Some of what I already knew and what I learned more about involved inside the Cold War itself and specifically The Cuban Missile Crisis. During the entire Cold War, we had bombers up all the time, 24/7, with nuclear weapons on board, just in case Russia attacked us. Their mission was to proceed to targets already selected for them and attack. My dad that for a few years, serving as a pilot on a crew. The B-47 had a crew of 3; a pilot, co-pilot, and navigator.
When I was very small, we were stationed in Homestead, Florida, just outside Miami. A flight of three B-47's would take off and fly and protect us from someone who didn't attack us that day. Meanwhile, other B-47's were taking off from other bases around the country doing the same thing, taking long journeys, in big circles, then returning home, to be replaced by other brave crews.
At the same bases, on the flight lines, near where the planes were parked, were little houses called alert quarters. Crews took turns manning those for weeks at a time, just yards from their planes in case war broke out. The idea was to be in the air within minutes.
A quiz for you. How many of you knew this. During the Cuban Missile Crisis, when we were on the brink of nuclear war, did you know that at EVERY major airport in this country, there were three B-47's loaded with nuclear weapons, ready to take off? I'm talking New Orleans, St. Louis, Kansas City, Indianapolis, Chicago, Salt Lake, Portland, etc. You name a city, they were there. Three each.
Where were we? Right in the middle of it. Miami. That was one of the topics of conversation at the reunion. "Where were you during the Cuban thing?" Dad answered, "Homestead." That got some stares and reactions. He wasn't home during the entire time. Goes without saying.
I could go on and on about what I learned. I met 80 proud, brave men that served their country with distinction. Two years now the reunion will be in Omaha, Nebraska. We used to live there when I was 12. Lord willing, I would like to go to that reunion too and look up our old house and the school I used to go too.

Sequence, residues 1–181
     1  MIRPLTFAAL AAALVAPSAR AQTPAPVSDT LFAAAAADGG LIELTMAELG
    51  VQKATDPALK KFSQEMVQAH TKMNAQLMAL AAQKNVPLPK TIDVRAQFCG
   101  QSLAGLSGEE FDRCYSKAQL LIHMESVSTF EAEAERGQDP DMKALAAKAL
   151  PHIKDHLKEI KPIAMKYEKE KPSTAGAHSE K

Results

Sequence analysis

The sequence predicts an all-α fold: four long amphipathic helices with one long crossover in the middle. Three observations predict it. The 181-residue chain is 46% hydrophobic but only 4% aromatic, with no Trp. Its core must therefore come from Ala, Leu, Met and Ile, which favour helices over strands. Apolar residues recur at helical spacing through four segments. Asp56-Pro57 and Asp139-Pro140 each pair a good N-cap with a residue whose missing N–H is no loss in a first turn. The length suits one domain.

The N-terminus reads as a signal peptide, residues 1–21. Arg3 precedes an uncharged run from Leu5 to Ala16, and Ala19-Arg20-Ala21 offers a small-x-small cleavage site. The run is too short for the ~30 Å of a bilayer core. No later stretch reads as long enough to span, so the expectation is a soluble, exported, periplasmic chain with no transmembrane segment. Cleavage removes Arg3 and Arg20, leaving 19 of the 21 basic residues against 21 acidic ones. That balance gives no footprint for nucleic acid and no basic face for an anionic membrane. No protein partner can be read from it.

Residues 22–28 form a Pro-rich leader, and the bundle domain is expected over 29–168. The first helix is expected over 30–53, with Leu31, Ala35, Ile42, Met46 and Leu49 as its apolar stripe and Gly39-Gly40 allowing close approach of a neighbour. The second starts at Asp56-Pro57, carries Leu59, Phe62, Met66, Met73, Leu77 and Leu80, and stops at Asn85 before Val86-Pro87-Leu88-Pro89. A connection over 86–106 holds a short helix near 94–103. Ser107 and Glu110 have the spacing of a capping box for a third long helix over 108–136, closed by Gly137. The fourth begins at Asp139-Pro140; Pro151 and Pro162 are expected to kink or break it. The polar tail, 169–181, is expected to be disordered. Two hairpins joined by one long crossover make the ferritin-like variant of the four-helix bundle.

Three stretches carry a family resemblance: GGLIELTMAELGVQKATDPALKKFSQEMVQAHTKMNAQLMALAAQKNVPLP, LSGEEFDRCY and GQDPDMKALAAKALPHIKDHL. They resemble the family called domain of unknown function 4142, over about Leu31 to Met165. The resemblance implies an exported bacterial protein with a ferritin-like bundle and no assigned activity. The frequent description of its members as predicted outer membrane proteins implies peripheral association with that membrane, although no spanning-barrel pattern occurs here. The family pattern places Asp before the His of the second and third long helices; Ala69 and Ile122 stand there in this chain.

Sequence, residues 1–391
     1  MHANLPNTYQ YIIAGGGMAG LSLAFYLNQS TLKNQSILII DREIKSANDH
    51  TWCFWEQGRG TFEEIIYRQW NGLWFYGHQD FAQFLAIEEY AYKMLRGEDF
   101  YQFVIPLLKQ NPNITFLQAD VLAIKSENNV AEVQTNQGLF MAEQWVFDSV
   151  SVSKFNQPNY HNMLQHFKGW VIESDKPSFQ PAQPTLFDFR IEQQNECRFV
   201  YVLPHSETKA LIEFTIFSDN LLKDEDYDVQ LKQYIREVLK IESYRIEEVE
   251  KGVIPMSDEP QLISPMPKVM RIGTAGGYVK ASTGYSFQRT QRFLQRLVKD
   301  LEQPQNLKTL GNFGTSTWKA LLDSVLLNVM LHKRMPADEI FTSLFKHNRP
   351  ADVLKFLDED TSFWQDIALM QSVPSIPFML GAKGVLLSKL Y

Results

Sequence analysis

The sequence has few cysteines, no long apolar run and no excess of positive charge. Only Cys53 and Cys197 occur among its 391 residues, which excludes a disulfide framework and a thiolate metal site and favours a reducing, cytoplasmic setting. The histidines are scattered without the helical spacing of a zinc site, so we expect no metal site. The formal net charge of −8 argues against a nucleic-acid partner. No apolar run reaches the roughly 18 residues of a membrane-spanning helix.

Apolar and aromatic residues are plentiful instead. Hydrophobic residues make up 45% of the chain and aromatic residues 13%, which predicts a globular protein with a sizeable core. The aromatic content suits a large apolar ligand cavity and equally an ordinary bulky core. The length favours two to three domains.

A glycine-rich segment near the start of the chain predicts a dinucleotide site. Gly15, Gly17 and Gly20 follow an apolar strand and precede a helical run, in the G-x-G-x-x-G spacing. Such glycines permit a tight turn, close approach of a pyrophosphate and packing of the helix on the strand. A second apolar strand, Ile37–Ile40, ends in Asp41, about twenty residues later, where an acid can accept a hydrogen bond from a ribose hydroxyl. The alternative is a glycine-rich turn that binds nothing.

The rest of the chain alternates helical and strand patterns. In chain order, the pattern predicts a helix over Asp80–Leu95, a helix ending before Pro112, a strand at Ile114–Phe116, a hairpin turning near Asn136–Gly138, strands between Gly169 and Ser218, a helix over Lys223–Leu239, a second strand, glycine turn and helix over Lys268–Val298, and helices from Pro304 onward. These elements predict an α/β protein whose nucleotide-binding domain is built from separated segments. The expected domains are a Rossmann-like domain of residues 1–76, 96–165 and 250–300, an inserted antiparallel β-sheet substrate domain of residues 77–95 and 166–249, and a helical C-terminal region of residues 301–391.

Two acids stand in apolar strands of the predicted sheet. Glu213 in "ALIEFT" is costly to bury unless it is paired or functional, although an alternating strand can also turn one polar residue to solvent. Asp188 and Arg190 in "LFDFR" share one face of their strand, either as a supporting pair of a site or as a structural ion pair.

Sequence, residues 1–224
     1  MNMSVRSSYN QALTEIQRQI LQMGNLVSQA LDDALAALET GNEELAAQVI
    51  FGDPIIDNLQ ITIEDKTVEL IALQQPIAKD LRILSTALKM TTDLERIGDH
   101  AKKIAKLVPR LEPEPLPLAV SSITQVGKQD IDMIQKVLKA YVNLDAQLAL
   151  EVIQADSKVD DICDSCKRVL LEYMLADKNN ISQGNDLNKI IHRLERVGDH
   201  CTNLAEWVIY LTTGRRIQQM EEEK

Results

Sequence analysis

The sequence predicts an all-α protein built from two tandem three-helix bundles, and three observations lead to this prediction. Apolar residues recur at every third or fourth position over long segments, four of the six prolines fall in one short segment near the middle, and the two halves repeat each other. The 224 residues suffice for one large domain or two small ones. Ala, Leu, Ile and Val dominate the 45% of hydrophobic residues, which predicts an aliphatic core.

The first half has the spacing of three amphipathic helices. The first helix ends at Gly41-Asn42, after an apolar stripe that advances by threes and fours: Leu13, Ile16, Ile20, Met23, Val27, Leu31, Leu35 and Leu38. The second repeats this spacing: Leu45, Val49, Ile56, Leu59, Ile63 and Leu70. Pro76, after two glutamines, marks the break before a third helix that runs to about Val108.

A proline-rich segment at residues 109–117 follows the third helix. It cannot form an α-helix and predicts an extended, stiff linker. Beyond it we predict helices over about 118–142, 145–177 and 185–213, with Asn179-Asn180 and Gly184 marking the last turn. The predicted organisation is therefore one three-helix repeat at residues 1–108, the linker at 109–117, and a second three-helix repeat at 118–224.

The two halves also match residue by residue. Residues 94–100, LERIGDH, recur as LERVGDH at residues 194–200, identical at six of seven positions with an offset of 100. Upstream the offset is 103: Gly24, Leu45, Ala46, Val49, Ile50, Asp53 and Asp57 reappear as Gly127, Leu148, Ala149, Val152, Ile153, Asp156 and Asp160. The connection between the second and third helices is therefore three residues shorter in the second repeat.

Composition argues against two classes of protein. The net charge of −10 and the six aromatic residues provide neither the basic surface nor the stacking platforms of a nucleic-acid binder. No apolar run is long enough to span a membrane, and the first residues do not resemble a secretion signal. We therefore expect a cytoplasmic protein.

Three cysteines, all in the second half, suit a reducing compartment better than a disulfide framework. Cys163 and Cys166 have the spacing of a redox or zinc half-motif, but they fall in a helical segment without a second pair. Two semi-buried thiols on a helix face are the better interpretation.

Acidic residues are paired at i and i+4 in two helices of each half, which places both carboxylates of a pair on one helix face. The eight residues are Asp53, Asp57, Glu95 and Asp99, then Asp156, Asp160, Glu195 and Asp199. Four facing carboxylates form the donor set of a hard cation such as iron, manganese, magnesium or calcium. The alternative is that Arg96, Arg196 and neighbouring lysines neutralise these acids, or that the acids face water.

Over 2,000 of these planes flew to protect us from nuclear disaster. Today, the Air Force doesn't even have that many planes in its entire inventory. It is a different time with different leaders. We fight enemies without uniforms. We fight without will. One thing that is true today as it was true yesterday, the men and women who wear OUR uniforms are brave and will fight no matter what.
On our trip, even on our flight, my dad and others wore a cap with the B-47 logo. Wherever we went, people stopped the men and families and thanked them for their service. They were all deeply moved by this. I can tell you myself this was not always the case. The 70's was not a good time for the military, even the family of the military. If you see someone who served or serves, thank them. They will appreciate it.
I always knew my dad was a hero to me, but after that trip and hearing the stories and learning more about what he did for us and how difficult the times were, I now know and appreciate it even more. Thanks for being there dad.